The Meg (2018)

*. 1989 was the big year for underwater thrillers, with the release of DeepStar Six, The Abyss, and Leviathan. In hindsight that year really stands out because there aren’t many such movies. This is mainly because they are much more expensive to make than horror movies set in a cabin in the woods. In the wake of its huge success it was easy to forget that even Jaws had gone disastrously over budget.
*. CGI, however, made it safe to go back in the water. Even if you didn’t have any money, you could conjure up a cheap ocean monster and go for the cheese. This was the approach taken in a number of low-budget Syfy horror films with titles like Sharknado and Dinoshark vs. Crocosaurus. I actually don’t know if those are real titles. But they’re probably close.
*. The Meg basically takes the Dinoshark idea of having a prehistoric giant shark brought back to life. A megalodon, to be exact, hence the title of the movie. This ancient monster then proceeds to cause all kinds of destruction. The main difference between The Meg and Dinoshark is that Dinoshark coast around $2 million to make and The Meg $150 million.
*. So The Meg is bigger in every way than a Syfy cheeseburger. But it needed to be even cheesier. Or have more violence (instead of going for a PG-13 rating). Or more something.
*. It is certainly stupid. Nearly every five minutes I was shaking my head at some utter impossibility in the plot. But this wasn’t a fun kind of stupid. Also, there are no great action sequences. I’m inclined to say that the trailer is just as entertaining as the movie, and a lot shorter.
*. The story is unnecessarily complicated with stuff nobody cares about. Why spend so much time introducing the character of Jonas’s ex-wife Lori when she has no function? Instead there’s some romance hinted at between Jason Staham and Li Bingbing that goes nowhere. The film was a Chinese-American co-production and their awkwardness together made me feel like there may have been too many cooks in the kitchen.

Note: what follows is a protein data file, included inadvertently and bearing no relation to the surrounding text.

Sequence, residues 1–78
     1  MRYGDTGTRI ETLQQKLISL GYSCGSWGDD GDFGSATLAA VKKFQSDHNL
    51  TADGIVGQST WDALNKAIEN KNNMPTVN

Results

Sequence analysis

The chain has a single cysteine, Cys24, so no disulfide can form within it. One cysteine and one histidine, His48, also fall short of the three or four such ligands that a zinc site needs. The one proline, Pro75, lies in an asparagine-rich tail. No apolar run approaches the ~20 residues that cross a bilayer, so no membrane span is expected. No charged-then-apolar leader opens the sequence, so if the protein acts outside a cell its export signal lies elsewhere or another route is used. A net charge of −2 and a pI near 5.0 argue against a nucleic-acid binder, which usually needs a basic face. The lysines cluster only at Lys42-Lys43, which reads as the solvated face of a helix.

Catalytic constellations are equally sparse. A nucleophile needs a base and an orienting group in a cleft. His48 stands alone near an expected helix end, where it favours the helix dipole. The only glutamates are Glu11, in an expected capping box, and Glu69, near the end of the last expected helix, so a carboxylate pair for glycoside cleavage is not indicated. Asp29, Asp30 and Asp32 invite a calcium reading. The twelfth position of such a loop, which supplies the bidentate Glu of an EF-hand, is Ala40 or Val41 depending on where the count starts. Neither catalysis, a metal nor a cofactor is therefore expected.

*. I’m not even sure the giant shark looks that much better than his cable cousins. He seemed kind of fat to me. Which is weird because I don’t know what a predator that size would be eating in the abyss.
*. There’s no point dwelling on points like this though. Bottom line: this is a big stupid summer movie that should have been a lot more fun than it is. And yet, talk of a sequel immediately began. Or a crossover perhaps? The Meg vs. Crocoshark? How bad could that be?

2 thoughts on “The Meg (2018)

  1. Tom Moody

    I’d like to insert one big budget shark movie into your timeline: Renny Harlin’s Deep Blue Sea (1999), an over-the-top action extravaganza that had some CGI foolishness but was actually kind of scary. Who would have suspected that transplanting human brain tissue into impossibly huge sharks was going to cause all kinds of problems?

    1. Alex Good Post author

      Thanks for the reminder Tom! I have to get some notes up on Deep Blue Sea sometime. You’re right, it’s actually pretty good. As I recall, the CGI sharks (Bigger. Smarter. Faster. Meaner.) were pretty bad. But twenty years later I didn’t think they’re looking much better in this movie or The Shallows. Better than Sharknado though.


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